Philosophical Imagination and Cultural Memory: Appropriating Historical Traditions

Overview

Does philosophy have a future? Postmodern thought, with its rejection of claims to absolute truth or moral objectivity, would seem to put the philosophical enterprise in jeopardy. In this volume some of today's most influential thinkers face the question of philosophy's future and find an answer in its past. Their efforts show how historical traditions are currently being appropriated by philosophy, how some of the most provocative questions confronted by philosophers are given ...

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Philosophical Imagination and Cultural Memory: Appropriating Historical Traditions

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Overview

Does philosophy have a future? Postmodern thought, with its rejection of claims to absolute truth or moral objectivity, would seem to put the philosophical enterprise in jeopardy. In this volume some of today's most influential thinkers face the question of philosophy's future and find an answer in its past. Their efforts show how historical traditions are currently being appropriated by philosophy, how some of the most provocative questions confronted by philosophers are given their impetus and direction by cultural memory.
Unlike analytic philosophy, a discipline supposedly liberated from any manifestation of cultural memory, the movement represented by these essays demonstrates how the inquiries, narratives, traditions, and events of our cultural past can mediate some of the most interesting exercises of the present-day philosophical imagination. Attesting to the power of historical tradition to enhance and redirect the prospects of philosophy these essays exemplify a new mode of doing philosophy.
The product of a National Endowment for the Humanities Summer Institute in 1990, it is the task of this book to show that history can be reclaimed by philosophy and resurrected in postmodernity.

Contributors. George Allan, Eva T. H. Brann, Arthur C. Danto, Lynn S. Joy, George L. Kline, George R. Lucas, Jr., Alasdair MacIntyre, Robert C. Neville, John Rickard, Stanley Rosen, J. B. Scheenwind, Donald Phillip Verene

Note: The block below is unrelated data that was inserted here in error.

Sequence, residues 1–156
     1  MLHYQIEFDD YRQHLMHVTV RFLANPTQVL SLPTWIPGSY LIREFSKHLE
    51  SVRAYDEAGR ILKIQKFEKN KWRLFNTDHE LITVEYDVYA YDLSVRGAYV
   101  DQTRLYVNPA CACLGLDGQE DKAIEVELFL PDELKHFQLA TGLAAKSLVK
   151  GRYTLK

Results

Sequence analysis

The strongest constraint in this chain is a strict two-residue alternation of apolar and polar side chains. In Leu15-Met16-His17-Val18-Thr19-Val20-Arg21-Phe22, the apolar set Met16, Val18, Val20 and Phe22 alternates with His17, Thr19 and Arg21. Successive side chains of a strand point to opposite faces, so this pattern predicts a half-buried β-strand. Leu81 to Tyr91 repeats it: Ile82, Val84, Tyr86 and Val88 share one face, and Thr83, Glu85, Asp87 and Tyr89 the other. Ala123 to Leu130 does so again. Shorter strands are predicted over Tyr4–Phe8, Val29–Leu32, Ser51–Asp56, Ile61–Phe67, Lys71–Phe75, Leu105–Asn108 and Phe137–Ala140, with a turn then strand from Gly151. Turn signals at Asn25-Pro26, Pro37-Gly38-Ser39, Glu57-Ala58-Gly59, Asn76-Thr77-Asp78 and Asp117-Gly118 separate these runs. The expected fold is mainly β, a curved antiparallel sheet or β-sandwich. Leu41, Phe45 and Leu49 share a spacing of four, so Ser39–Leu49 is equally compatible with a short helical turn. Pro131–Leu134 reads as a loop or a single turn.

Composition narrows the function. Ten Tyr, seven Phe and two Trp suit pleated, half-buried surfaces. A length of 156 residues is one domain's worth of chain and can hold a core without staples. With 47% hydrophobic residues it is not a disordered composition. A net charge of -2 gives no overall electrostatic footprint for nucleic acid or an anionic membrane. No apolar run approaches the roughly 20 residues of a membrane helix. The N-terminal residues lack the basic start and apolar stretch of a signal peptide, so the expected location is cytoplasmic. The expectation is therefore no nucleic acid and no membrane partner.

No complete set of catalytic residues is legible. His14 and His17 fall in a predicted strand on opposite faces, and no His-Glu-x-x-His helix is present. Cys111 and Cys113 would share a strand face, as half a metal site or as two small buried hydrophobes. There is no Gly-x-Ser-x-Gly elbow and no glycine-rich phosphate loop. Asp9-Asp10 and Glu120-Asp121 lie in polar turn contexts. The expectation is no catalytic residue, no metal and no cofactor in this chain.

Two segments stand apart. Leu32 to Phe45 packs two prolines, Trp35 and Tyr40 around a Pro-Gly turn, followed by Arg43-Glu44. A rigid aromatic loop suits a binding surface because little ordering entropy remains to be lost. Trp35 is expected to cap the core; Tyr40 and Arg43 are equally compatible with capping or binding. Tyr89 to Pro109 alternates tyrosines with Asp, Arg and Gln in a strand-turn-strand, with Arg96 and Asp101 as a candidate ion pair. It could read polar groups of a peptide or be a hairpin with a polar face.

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Product Details

  • ISBN-13: 9780822313229
  • Publisher: Duke University Press
  • Publication date: 5/28/1993
  • Pages: 243

Table of Contents

Acknowledgment
Introduction 1
Pt. I Philosophy and Cultural Memory
Traditions and Transitions 21
Two Sources of Philosophical Memory: Vico Versus Hegel 40
Pt. II Philosophical Imagination and the History of Philosophy
Are Philosophical Problems Insoluble? The Relevance of System and History 65
Modern Moral Philosophy: From Beginning to End? 83
Refutation, Narrative, and Engagement: Three Conceptions of the History of Philosophy 104
Pt. III Perspectives on the Significance of Cultural Memory
The Shape of Artistic Pasts: East and West 125
Humanism and the Problem of Traditions in Seventeenth-Century Natural Philosophy 139
The Symbiotic Relation of Philosophy and Theology 149
Pt. IV Cultural Memory and Textual Interpretation
The Six Silences of a Grecian Urn 167
Changing Russian Assessments of Spinoza and Their German Sources, 1796-1862 176
Tradition and Intertextual Memory in James Joyce's Ulysses 195
Plato's Quarrel with the Poets 212
Selected Bibliography 227
Index 233
Contributors 245
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